The answer came from the discovery of a mechanism of ice-sheet instability, called the saddle collapse, which occurred on two significant occasions during the last deglaciation: one causing the Meltwater Pulse 1a sea-level rise 14.5 thousand years ago, and the other causing the 8.2 kyr event (Gregoire et al. 2012; Matero et al. 2017). The instability occurs during deglaciations when two domes of an ice sheet, connected via an ice saddle, separate to form distinct ice sheets. The saddle collapse is triggered when warming induces melt in the saddle region. As the saddle melts, it lowers, reaching increasingly warmer altitudes, thus accelerating the melt through the ice-elevation feedback, which produces a pulse of meltwater lasting multiple centuries (Gregoire et al. 2012). This is what happened to the ice sheet that was covering the Hudson Bay at the end of the last deglaciation (Gregoire et al. 2012), a process that was possibly enhanced by heat transported from a warm ocean current (Lochte et al. 2019) and instability of the marine parts of the ice sheet (Matero et al. 2020).
Ice collapse and lake outburst
It is not a coincidence that the Lake Agassiz-Ojibway outburst and the Hudson Bay ice-saddle collapse occurred around the same time. Around the peak of the saddle collapse melt, when the ice saddle became thin enough, the lake was able to initiate its discharge via channels under the ice due to the pressure of the lake that sat hundreds of meters above sea level. The ice-sheet melt would have contributed to filling up the lake, and the ice loss likely reduced the gravitational pull that the ice exerted on the ocean and the lake. Thus, estimating the relative timing, amplitude, and location of meltwater discharge from the ice sheet and lake into the ocean requires the combined modeling of the ice-sheet, hydrology, and sea-level processes.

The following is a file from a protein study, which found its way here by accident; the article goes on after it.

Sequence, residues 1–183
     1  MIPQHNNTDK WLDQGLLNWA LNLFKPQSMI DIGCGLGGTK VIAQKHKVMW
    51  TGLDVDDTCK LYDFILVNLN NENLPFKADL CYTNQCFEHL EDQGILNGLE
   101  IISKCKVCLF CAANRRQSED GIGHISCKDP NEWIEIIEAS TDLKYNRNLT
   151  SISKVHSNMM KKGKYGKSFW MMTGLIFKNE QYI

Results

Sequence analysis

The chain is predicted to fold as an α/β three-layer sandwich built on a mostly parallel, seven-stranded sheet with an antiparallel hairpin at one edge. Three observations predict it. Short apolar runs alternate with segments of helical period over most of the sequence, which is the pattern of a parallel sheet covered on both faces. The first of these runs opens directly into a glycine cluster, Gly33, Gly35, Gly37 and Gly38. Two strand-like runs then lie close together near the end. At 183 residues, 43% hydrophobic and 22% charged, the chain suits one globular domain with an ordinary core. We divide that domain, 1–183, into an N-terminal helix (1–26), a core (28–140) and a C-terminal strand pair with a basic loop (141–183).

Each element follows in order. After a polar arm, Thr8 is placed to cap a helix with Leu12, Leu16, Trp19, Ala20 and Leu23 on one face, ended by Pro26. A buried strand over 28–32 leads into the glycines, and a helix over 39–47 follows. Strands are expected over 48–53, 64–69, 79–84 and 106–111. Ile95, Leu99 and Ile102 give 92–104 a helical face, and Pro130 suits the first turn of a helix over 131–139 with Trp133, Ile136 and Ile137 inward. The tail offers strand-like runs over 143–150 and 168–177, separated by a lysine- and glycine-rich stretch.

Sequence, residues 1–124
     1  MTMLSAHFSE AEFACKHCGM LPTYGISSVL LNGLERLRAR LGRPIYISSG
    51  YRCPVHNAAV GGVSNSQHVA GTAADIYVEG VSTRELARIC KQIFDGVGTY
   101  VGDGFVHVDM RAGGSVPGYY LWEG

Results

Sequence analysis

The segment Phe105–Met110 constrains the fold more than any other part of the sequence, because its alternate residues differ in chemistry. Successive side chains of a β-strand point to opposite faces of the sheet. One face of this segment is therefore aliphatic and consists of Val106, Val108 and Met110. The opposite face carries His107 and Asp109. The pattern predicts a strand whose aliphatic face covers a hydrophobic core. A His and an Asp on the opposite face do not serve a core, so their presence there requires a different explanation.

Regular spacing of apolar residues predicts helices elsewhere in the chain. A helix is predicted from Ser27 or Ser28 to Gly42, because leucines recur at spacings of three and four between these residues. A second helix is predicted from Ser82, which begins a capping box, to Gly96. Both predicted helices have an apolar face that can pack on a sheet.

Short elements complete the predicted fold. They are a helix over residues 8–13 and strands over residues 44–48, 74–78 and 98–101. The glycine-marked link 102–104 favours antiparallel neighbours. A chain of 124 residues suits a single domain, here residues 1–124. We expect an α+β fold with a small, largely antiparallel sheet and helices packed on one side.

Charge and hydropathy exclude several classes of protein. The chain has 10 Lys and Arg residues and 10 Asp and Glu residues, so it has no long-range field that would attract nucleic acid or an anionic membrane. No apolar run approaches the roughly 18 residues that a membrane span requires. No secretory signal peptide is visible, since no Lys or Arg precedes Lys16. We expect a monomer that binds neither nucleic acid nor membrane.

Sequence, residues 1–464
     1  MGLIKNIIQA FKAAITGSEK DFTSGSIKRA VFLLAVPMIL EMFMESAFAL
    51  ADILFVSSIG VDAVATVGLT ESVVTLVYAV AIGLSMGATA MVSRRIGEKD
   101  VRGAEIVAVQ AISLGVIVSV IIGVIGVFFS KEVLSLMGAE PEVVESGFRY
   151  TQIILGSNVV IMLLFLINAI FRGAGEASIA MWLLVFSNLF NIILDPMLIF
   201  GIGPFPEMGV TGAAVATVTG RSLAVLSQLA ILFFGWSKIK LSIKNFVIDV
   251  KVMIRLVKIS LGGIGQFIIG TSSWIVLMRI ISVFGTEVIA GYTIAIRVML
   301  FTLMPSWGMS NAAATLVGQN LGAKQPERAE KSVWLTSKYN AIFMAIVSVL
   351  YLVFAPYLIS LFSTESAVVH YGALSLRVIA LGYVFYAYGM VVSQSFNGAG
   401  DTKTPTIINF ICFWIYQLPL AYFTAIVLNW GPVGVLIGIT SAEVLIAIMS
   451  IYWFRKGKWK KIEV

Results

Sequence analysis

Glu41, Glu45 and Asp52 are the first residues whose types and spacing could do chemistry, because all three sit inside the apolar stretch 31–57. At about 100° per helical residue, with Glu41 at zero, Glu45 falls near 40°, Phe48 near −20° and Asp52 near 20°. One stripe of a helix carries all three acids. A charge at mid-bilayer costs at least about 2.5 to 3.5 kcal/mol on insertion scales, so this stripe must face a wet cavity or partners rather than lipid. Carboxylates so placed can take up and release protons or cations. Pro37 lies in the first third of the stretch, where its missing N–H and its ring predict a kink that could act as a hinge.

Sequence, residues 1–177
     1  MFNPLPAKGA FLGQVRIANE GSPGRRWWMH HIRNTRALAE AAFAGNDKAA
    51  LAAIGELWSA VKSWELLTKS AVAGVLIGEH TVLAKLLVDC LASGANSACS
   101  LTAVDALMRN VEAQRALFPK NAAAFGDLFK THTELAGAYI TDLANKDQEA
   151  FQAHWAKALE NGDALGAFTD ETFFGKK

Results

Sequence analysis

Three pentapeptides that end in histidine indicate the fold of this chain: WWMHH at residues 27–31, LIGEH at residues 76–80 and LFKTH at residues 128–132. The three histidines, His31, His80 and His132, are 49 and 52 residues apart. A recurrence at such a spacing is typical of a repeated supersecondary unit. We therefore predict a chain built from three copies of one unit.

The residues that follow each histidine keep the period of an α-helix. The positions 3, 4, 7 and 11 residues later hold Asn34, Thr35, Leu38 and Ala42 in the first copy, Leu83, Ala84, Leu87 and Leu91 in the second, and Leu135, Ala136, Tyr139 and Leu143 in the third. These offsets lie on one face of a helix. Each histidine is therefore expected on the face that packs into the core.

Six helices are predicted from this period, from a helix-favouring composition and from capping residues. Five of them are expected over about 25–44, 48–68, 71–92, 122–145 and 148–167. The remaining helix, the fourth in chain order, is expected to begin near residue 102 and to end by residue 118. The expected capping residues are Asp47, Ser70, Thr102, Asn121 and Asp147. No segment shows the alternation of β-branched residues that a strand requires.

Towards a benchmark for climate sensitivity to freshwater input
Given reasonable scenarios of meltwater discharge into the Labrador Sea from the Hudson Bay saddle collapse, Matero et al. (2017) were able to simulate the duration, magnitude, and pattern of the 8.2 kyr climate changes (Fig. 1, light blue curve), albeit with a larger volume of melt than sea-level records suggest. Our new understanding of the cause of the 8.2 kyr event thus advances the potential of this event to benchmark the sensitivity of climate models to freshwater forcing. Since the event was short and occurred under climate conditions similar to pre-industrial, it could become a feasible "out of sample" target for calibrating climate models. To reach this goal, we must continue to improve estimates for the magnitude, duration, and location of the meltwater forcing by combining sea-level, ocean-sediment, and geomorphological records with models of the ice sheet and lake.
We have good quantitative proxies for circum-North Atlantic temperature change during the event, but additional proxy records in the Southern Hemisphere are needed to determine the extent of the bipolar see-saw, a pattern of southern warming and northern cooling that often occurs when AMOC slows. We also lack good quantitative proxies for precipitation change during the event, which would provide invaluable information on the sensitivity of the water cycle to ice-sheet melt.
The design of MIPs and model–data intercomparison work within PMIP has become highly sophisticated in the last decade with detailed experimental setup for transient climate changes (e.g. DeGLAC; Ivanovic et al. 2016), which include realistic routing of meltwater flux to the ocean. Forward-modeling proxy data such as oxygen isotopes (Aguiar et al. 2021) or ocean neodymium could also greatly improve uncertainty quantification and benchmarking. With all these developments, the 8.2 kyr event may well fulfil its potential as the "Goldilocks" event that could truly test our ability to model the impacts of ice-sheet melting and the response of surface climate to ocean circulation changes.
*This refers to the fairy tale "Goldilocks and the Three Bears" in which a girl tastes three bowls of porridge (or soup depending on the version): one too hot, one too cold, and prefers the one that is just the right temperature.
1School of Earth and Environment, University of Leeds, UK
2University of Colorado and NOAA's National Centers for Environmental Information, Boulder, CO, USA